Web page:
The Ironman and a Coal Miner’s Daughter…


Sitting ‘High atop Red Mountain’, Vulcan is the original Ironman- completely designed and forged of cast iron in my hometown of Birmingham Alabama, he is the largest iron ore statue in the world! He was disassembled to be shown at the World’s Fair in St. Louis in 1904 and won a grand prize! When I was a little girl- Vulcan was painted iron ore red- the picture above is the original color, refurbished just a few years ago. I went to Minnie Holman Grammar School and we learned a song about Vulcan:

‘High on mountaintop am I…    I look o’er the valley from on high!…    And what care I, if the stars –  are beating in a fury at my feet?       O-ah..   I look o’er the valley where I stand –   and see a city, grand!

I totally loved singing that song! The first time I recall visiting Vulcan- I was very small and he was very tall! In fact, one of the problems about visiting the Roman God of the Forge was that visitors looked at him from the back-  his bare backside is in full view! My slightly older sister didn’t let that pass her notice- I was holding my mother’s hand, and Sis was dancing around and said-

 ‘Why doesn’t he have any britches on?’ …Silence…clearing of throats…’Hush now, he has them on- they’re just real tight..shh’…Well, I’m here to tell you – that Ironman doesn’t have any britches on and he became known as the ‘Moon over Homewood’- even Wikipedia makes note of that fact and more- go check the article out- it is very interesting – poor ol’ Vulcan. Anyway-I have more to tell you about my hometown than this article can contain, let’s just say, Vulcan represents the powerful Industrialist City that Birmingham once was; full of rich red iron ore deposits which were mined, then forged- right there at his feet- there were thriving steel mills and furnaces. The story goes that after Reconstruction- the land-owning Bourbon Democrats of South Alabama and the wealthy Industrialists of Central and North Alabama joined forces to re-build. By the time Vulcan was forged, Birmingham was a melting pot of another kind- there were Greek, Italian, Asian, Europeans, Freedmen and Yankees! They knew how to capitalize on the natural resources of the Birmingham area. Some of the most beautiful homes in the South are in Birmingham and they aren’t plantation homes- they are estates on the East and to the West, sagging and worn – are homes of the mill and foundry bosses which I believe are making a comeback! But Birmingham also had her working men- ironworkers, steel millers and coal miners- who lived in camps and shanties- poverty really…which brings me to a little coal miner’s daughter…IMG_0560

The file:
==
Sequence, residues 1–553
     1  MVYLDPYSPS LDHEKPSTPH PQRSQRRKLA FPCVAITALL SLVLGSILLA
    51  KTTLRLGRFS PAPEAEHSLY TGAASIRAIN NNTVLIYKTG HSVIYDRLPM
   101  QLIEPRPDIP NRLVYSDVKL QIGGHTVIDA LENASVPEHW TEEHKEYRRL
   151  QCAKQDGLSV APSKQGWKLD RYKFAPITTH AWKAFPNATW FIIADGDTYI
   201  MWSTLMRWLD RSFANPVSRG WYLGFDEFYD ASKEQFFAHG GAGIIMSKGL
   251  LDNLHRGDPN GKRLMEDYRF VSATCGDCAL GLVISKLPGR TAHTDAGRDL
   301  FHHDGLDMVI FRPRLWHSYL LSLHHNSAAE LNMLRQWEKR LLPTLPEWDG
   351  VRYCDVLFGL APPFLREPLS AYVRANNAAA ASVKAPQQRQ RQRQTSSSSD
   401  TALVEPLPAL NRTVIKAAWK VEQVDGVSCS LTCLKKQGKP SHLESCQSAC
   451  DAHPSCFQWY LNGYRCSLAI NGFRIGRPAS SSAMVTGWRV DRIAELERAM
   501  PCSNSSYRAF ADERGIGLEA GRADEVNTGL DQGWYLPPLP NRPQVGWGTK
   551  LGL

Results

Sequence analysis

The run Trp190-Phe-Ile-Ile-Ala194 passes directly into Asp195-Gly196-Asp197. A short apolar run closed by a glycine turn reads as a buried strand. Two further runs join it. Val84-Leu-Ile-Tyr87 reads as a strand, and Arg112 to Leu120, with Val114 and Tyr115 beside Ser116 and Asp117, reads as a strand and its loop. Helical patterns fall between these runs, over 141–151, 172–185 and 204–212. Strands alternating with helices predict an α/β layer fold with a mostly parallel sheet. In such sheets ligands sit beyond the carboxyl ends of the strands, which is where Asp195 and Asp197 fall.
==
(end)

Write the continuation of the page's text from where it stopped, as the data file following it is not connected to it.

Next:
Born in the year of Our Lord, 1920 on June 6, in the eastern outskirts of Birmingham, my Aunt Iva was the second of four children- two girls and two boys. I am 10% taller than Aunt Iva ever was- that’s not saying much because she was only 4’11” in her stocking feet. She was a coal miner’s daughter, which makes me the granddaughter of a coal miner, who also happened to be a union organizer. Alongside her father, in 1937, at age 17, Iva stood at plant gates and on the streets, collecting dues of $1.00- in a worn cigar box, which held scraps of paper, a small notebook and a pencil.  Aunt Iva was proud of this, too- her portable desk was an overturned apple crate. Now, they did this before the steel industry recognized the union.image

Industrialist Birmingham, late 1800’s and early 1900’s must have been an exciting place-where coal fields and mines, ironworks and steel mills were basically what we  would call ‘start-ups’ today. Growing up in the shadow of Vulcan, Iva had a choice- to become a steel magnolia or tough as pig iron– she chose to become a little of both. She was the ‘original’ career woman on that side of our family. She married a man of the steel mills, never had children of her own- the steel workers and coal miners were her ‘boys’. It was downright scandalous, to marry a divorced man and be working woman among the toughest of tough men. Perhaps she never had children, because her parents died when she was so young leaving her to see about the family and her older sister died in childbirth. One of her brothers was a POW in World War II- life was not easy- but my tiny Aunt Iva had the grit of coal dust in her eyes, iron ore in her veins and a spine of steel.image

We never knew our grandparents on that side- but we do know a little about them-Emma was a ‘Gibson Girl’ who was a postmistress for a time; William, a coal miner and union organizer all over the southeast. They both died young- William at age 40, Emma about 6 years later of ‘female troubles’- probably cancer.